Outrage as Chinese tourists let child urinate near sacred Thai site

Photo courtesy of Siambird via South China Morning Post

A photograph of two Chinese tourists allowing their child to urinate on a path near Chakri Maha Prasat Throne Hall in Bangkok has ignited a heated online debate.

The Chakri Maha Prasat Throne Hall, nestled within the Royal Grand Palace in Bangkok, is a symbol of national pride and a key venue for state ceremonies. Formerly a royal residence, it is now one of Thailand’s most treasured tourist attractions.

The controversial image, which rapidly spread on Douyin, Facebook, and TikTok, depicts a young girl, estimated to be around four or five years old, squatting by a concrete wall with her dress lifted to urinate. Her parents stand close by, the father identifiable by a Xiaomi-branded backpack. Observers speculate the family is from China, as reported by Thailand’s Morning News TV3.

“This is truly the nature of this nation. I saw it when I went there. Letting a child pee on the roadside like a dog.”

On May 8, the newly appointed Tourism and Sports Minister, Sermsak Pongpanit, condemned the incident as inappropriate. This follows the recent arrest of a local man for defacing the Temple of the Emerald Buddha, a crime punishable by severe penalties under Thailand’s Cleanliness and Ancient Monuments Acts.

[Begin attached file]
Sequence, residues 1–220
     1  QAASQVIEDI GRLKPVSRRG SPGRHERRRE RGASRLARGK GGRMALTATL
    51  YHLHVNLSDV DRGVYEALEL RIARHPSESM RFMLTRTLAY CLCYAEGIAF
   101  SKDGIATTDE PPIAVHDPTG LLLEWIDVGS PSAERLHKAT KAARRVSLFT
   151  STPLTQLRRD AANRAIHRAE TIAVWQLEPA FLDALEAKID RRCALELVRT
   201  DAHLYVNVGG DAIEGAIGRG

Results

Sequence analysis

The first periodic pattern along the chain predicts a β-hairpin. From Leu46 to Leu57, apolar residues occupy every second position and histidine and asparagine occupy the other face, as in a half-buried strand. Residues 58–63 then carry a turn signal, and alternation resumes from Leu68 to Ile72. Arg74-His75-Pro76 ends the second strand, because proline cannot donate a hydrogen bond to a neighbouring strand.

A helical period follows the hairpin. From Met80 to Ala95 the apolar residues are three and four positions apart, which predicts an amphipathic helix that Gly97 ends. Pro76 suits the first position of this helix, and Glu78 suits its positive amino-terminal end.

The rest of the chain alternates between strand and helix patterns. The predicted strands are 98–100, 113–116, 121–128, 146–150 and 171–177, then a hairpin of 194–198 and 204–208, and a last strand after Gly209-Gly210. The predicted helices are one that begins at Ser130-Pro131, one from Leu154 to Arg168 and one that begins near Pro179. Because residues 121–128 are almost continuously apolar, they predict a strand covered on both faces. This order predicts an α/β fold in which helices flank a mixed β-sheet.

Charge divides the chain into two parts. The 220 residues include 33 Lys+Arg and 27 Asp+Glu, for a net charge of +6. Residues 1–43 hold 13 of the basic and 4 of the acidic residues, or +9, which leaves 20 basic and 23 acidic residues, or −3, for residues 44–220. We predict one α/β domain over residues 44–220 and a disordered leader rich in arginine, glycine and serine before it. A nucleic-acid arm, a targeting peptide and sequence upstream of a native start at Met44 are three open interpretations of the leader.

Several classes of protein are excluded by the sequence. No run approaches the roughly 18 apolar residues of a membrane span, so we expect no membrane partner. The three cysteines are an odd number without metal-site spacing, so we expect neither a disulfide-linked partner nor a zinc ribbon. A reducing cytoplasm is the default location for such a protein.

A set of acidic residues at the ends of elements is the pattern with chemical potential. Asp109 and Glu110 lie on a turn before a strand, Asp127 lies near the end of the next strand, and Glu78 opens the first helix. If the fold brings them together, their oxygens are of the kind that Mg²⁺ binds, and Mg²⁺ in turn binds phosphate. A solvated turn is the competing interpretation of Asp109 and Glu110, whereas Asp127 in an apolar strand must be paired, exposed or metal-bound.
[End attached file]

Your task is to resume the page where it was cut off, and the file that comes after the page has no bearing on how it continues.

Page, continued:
One online commentator suggested the family’s actions could even fall under section 112 of Thailand’s penal code, which deals with insulting the monarchy and carries a prison sentence of three to 15 years.

This incident comes on the heels of another controversy involving a racist sign in a Thai temple toilet. The sign, which read: Please keep clean in Thai and English, was translated into Chinese as Chinese tourists, please keep clean, sparking accusations of discrimination.

“As a Chinese person, I also despise some of our tourists who do not flush toilets, spit on the ground, speak loudly, and litter everywhere.”

China’s Foreign Ministry has consistently urged its citizens to maintain decorum while travelling abroad, as Chinese tourists continue to face scrutiny for their behaviour, such as kicking ancient bells, spitting on pavements, and jumping queues, reported South China Morning Post.

In mid-March, a Chinese tourist caused a stir by swapping a used water bottle for a new souvenir flask at the British Museum, further fuelling the debate on tourist etiquette.

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Puntid Tantivangphaisal

Originally from Hong Kong, Puntid moved to Bangkok in 2020 to pursue further studies in translation. She holds a Bachelor's degree in Comparative Literature from the University of Hong Kong. Puntid spent 8 years living in Manchester, UK. Before joining The Thaiger, Puntid has been a freelance translator for 2 years. In her free time, she enjoys swimming and listening to music, as well as writing short fiction and poetry.

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